Yellow-faced Siskin

Yellow-faced Siskin, Ciro Albano,

At a Glance

  • Scientific Name: Spinus yarrellii
  • Population: 6,000-15,000
  • Trend:  Decreasing
  • Habitat: Non-migratory; occurs in mountains, forests, shrublands, and urban areas

Yellow-faced SIskin map, NatureServeThe Yellow-faced Siskin was initially described as a Californian species, since the first male type specimen was a captive bird in that state. But this bright yellow finch, which closely resembles the more familiar American Goldfinch, is actually native to South America.

Like the Banded Cotinga and Lear's Macaw, the attractive Yellow-faced Siskin is highly sought-after as a cage bird. Widespread illegal trapping has led to its steep and rapid decline, leading to a Vulnerable classification on the IUCN Red List of Threatened Species.

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This bird's Latin name commemorates English ornithologist William Yarrell, who wrote A History of British Birds, published in 1843, and first described the Bewick's Swan. Several other species are named in his honor, including the Critically Endangered Chilean Woodstar (Eulidia yarrellii). (Learn more about our efforts to save this rare hummingbird.)

Bird in a Cage

The Yellow-faced Siskin occurs in northeastern Brazil, where it is not very particular about habitat type or quality, occurring in lowlands, mountains, forests, and open areas. The species has also been recorded in northern Venezuela, although these sightings may be of escaped cage birds.

Despite illegal trapping, the Yellow-faced Siskin remained fairly common in Brazil until the beginning of the 1980s, when scientists and other researchers noted increased numbers of Yellow-faced Siskins being sold in local markets. Its decline also coincided with the increased popularity of the Atlantic Canary (Serinus canaria) with Brazilian bird breeders, who began hybridizing the two species.

Seed-feeding Singer

The Yellow-faced Siskin is related to the more numerous and familiar American Goldfinch and Pine Siskin, which are found across much of North America. Like these finches, it has a complex and melodious song composed of high-pitched, ringing notes.

In common with other members of the finch family, including the Evening Grosbeak and Rose-breasted Grosbeak, the Yellow-faced Siskin has a cone-shaped bill, adapted to hold and shell all types of seeds. Strong skulls, large jaw muscles, and powerful gizzards are other finch specializations for seed-eating.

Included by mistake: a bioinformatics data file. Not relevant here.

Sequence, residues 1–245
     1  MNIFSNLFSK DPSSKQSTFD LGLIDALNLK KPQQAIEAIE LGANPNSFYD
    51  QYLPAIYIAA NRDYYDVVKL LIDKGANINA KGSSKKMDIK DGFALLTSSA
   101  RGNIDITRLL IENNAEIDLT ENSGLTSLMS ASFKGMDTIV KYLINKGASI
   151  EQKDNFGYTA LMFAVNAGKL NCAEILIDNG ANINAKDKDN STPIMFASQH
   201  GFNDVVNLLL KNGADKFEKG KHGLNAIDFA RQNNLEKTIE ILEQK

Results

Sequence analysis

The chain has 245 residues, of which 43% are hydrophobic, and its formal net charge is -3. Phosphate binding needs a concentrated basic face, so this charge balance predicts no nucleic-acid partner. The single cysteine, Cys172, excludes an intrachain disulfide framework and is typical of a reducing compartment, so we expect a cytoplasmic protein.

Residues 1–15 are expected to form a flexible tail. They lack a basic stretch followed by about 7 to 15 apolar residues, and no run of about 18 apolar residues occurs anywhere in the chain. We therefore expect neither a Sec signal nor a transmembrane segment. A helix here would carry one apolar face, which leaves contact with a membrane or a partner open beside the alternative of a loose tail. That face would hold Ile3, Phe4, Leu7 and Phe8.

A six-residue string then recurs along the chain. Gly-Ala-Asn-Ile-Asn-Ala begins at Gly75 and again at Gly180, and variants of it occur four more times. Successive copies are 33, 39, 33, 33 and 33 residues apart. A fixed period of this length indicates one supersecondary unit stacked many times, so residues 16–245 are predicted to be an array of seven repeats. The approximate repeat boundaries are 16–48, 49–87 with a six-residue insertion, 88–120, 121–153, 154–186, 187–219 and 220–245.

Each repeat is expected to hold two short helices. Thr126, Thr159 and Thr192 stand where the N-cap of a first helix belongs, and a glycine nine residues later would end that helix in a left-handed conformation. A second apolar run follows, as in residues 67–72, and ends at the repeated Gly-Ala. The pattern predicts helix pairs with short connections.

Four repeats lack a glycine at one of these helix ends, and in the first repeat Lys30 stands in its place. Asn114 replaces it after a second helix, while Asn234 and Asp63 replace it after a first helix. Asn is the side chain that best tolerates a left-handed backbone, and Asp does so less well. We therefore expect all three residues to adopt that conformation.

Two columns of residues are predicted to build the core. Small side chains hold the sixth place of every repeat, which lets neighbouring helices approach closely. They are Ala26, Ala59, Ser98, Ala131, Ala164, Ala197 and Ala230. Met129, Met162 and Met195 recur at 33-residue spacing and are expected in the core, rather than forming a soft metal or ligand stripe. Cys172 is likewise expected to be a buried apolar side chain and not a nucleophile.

Like many other birds, including the grosbeak species mentioned above and the Painted Bunting (not a close relative), this species is sexually dimorphic: The males and females look different, with the male sporting brighter plumage.

Oasis Araripe Reserve in Brazil is home to Yellow-faced Siskin, as well as the much-rarer Araripe Manakin. Photo by Fabio Arruda

Oasis Araripe Reserve in Brazil is home to Yellow-faced Siskin, as well as the rare Araripe Manakin. Photo by Fabio Arruda

Refuge in the Araripe Reserve

The Oasis Araripe Reserve, purchased by ABC partner Aquasis in 2014, is a protected area that could be used to re-establish populations of Yellow-faced Siskin. The reserve was originally created to safeguard the critically endangered Araripe Manakin, which numbers only around 800 birds.

With ABC support, this reserve was just expanded by approximately 170 acres, doubling the size of the existing property and connecting it to a much larger area of national forest. This expansion will protect several freshwater springs, which serve as important water sources for local human communities as well as providing important nesting habitat for the manakin.

Aquasis plans to reforest other areas of the reserve with native plants grown in an on-site nursery. The reserve lodge has been refurbished and can now accommodate up to six visitors.

Special thanks to Weber Silva for assisting with this account. Weber, a member of Aquasis, is the ornithologist who discovered the Araripe Manakin, and is dedicated to its conservation.

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